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Lawmaker Quits Over Alleged Business Ties

Little-known lawmaker Alexander Knyshov, pictured, has denied any involvement in business activities since being elected to the country's lower house in December.

A United Russia lawmaker being investigated for business ties said Friday that he had decided to vacate his parliamentary post voluntarily.

Alexei Knyshov, a little-known deputy who sits on the State Duma's Construction and Land Use Committee, said he decided to throw in the towel after investigators argued that he was running a business alongside his parliamentary duties, which is against the law.

The State Duma, which could now revoke Knyshov's mandate, said it had received the Investigative Committee's report on Knyshov, RIA-Novosti reported Friday, citing unnamed sources.

This week, investigators said in a statement that Knyshov headed two construction firms in his native Rostov-on-Don, in southern Russia, and was also an owner of a Slovakia-registered company.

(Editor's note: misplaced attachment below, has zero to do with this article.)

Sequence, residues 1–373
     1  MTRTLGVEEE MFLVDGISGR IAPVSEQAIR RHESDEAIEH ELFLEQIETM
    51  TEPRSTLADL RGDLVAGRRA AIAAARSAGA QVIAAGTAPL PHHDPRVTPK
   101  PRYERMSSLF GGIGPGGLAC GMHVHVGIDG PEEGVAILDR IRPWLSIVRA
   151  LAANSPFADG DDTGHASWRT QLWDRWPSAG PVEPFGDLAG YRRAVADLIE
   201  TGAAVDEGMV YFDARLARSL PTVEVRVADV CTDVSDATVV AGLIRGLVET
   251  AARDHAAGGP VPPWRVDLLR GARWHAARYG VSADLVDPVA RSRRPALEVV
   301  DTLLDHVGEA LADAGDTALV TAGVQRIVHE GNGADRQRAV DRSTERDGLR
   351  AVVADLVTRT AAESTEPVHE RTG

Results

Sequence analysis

"I have made the difficult decision to leave the Duma," Knyshov said on his Live Journal blog Friday. He said he made the decision so as not to make his party colleagues "face a difficult choice."

While Knyshov has denied any involvement in business activities since being elected to the country's lower house in December, he also said he doesn't have any proof that he doesn't own a Slovakian firm.

Investigators first opened a probe into Knyshov after Dmitry Gudkov, a left-wing opposition lawmaker with the Just Russia party, published documents accusing Knyshov and other high-ranking Duma deputies of running businesses while holding parliamentary posts.

Gudkov's father, Gennady Gudkov, a senior Just Russia lawmaker, was stripped of his Duma mandate on the same charges in September after the ruling United Russia party swayed a Duma vote.

Gudkov said at the time that the move was retaliation for his prominent role as an organizer of protests against President Vladimir Putin's rule.

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